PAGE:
J Ayub Med Coll Abbottabad 2003;15(1)


Mazhar Ishaq, Muhammad Khizar Niazi

Department of Ophthalmology, Military Hospital, Rawalpindi

Background: Eales` disease is an idiopathic obliterative vasculopathy that commonly affects the peripheral retina of healthy young males characterized by recurrent vitreous haemorrhage. We did this study to evaluate the usefulness of Pars Plana vitrectomy in asymptomatic eyes of patients presenting with Eales` Disease. Methods: Fifty-five patients with Eales` Disease demonstrable on the basis of three mirror fundus exam and Florescein Fundus Angiography with vitreous hemorrhage underwent either Pan retinal photocoagulation or vitrectomy in a span of 3 years. Their fellow asymptomatic eyes were initially treated with laser photocoagulation and after being followed for six months, they were grouped into either progressive cases (Group A) comprising of eleven eyes that underwent early vitrectomy, or non-progressive cases (Group B) comprising forty-four eyes that did not undergo any further treatment. These cases were followed for at least three years (range 38-42 months). Results: Out of the eleven eyes of group A, seven (63.63%) showed regression of disease process as compared to only ten out of forty-four eyes (22.72%) in Group-B. Conclusion: Early vitrectomy in established cases of Eales` disease provides satisfactory results and helps in preventing complications, which are difficult to treat. Regular checkup of peripheral retina by triple mirror examination should be performed in all asymptomatic fellow eyes of Eales` disease to detect the disease process at an early stage and prevent further complications.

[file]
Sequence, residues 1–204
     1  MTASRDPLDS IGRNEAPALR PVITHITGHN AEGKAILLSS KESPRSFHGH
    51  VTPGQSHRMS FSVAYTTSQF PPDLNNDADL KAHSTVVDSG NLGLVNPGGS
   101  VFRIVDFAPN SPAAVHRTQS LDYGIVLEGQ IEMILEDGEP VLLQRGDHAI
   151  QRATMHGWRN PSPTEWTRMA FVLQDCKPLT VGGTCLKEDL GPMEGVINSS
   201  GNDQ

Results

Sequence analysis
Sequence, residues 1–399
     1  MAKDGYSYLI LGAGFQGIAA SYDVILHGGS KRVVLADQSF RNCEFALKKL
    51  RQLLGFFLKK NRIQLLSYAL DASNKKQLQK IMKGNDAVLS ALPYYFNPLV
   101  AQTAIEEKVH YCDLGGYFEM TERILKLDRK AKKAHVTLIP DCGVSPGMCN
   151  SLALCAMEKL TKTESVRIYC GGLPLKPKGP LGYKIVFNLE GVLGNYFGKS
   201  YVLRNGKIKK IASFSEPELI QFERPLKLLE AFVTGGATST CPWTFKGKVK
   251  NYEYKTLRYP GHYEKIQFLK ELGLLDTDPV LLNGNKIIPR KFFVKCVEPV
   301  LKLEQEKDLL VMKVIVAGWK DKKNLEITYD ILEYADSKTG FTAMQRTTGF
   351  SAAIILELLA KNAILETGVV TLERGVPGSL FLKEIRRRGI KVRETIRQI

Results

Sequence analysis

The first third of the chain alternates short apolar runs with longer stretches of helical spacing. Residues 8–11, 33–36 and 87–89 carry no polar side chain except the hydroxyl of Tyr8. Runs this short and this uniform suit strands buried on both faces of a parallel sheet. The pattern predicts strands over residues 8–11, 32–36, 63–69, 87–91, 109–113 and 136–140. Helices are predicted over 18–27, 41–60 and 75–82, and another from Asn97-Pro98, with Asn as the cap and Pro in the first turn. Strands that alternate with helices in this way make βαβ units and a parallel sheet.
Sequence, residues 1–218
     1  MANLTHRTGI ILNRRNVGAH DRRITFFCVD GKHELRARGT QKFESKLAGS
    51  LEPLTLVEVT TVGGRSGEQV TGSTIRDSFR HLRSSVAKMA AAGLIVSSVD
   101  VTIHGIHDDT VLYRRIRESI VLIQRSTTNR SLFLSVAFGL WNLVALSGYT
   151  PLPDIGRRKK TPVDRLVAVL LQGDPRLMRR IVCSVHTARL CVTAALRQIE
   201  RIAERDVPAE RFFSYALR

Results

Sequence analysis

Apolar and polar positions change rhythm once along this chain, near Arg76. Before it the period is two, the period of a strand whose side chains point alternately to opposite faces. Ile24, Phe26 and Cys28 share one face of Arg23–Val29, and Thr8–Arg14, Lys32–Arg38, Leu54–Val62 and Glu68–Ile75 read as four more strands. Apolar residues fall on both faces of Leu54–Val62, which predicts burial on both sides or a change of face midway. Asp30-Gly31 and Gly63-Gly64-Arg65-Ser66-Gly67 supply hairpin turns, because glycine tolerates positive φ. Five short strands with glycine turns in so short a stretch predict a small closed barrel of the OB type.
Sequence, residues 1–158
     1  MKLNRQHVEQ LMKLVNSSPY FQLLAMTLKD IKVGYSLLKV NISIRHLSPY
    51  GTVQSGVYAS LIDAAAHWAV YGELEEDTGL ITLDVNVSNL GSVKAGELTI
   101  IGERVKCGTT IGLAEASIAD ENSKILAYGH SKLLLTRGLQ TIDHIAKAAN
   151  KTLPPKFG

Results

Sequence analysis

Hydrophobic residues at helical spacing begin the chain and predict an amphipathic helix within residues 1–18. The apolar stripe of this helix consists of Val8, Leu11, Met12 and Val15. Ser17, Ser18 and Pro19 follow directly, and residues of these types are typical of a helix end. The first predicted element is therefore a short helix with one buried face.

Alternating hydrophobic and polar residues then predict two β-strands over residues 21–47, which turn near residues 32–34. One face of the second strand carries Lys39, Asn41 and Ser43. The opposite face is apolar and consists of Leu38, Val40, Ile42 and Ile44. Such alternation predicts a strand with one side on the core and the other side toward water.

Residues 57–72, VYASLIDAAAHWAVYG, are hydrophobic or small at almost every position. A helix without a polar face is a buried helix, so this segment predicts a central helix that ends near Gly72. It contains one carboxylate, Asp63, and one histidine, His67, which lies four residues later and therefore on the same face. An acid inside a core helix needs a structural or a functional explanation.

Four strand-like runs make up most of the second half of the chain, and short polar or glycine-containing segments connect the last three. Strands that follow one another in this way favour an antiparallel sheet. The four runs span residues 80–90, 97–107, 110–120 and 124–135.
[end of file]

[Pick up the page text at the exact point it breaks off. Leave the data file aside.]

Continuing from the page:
KEYWORDS: Eales` disease, Retinal neovascularization, Retinal vasculitis, Vitreous hemorrhage, Vitrectomy


Eales` disease is an idiopathic obliterative vasculopathy that commonly affects the peripheral retina of healthy young males characterized by recurrent vitreous haemorrhage1. Although distributed world wide, it is more common in Southeast Asia2. The peak age of onset is between 20-30 years3.

The etiology is not adequately established4, and role of tuberculosis5, hypersensitivity to tuberculoprotein6, presence of mycobacterium tuberculosis genome in the vitrectomy specimen7 and epiretinal membrane8, retinal autoimmunity9, and presence of class I and II of Human Leucocyte Antigen10 have all been proposed to be contributing factors.

Patients present with blurred vision and floaters in one eye due to presence of vitreous hemorrhage and on examination, the other eye is also involved in 50-90% cases11 .Initially the patients present with retinal vasculitis and later as retinal ischaemia, that may lead to vascular alterations and neovascularization12. These lesions are particularly seen in periphery of retina and if severe, can involve the posterior pole as well13.

Recurrent vitreous hemorrhages occur from these new vessels and they may either resolve spontaneously or lead to multiple vitreo-retinal adhesions and tractional retinal detachment and permanent visual loss14. The extent and nature of progression in Eales` disease is best demonstrated by fundus florescein angiography12, 15. In active stages, there is leakage of dye from inflamed vessels, while in later cases, there is evidence of ischemia, venous shunts and collaterals.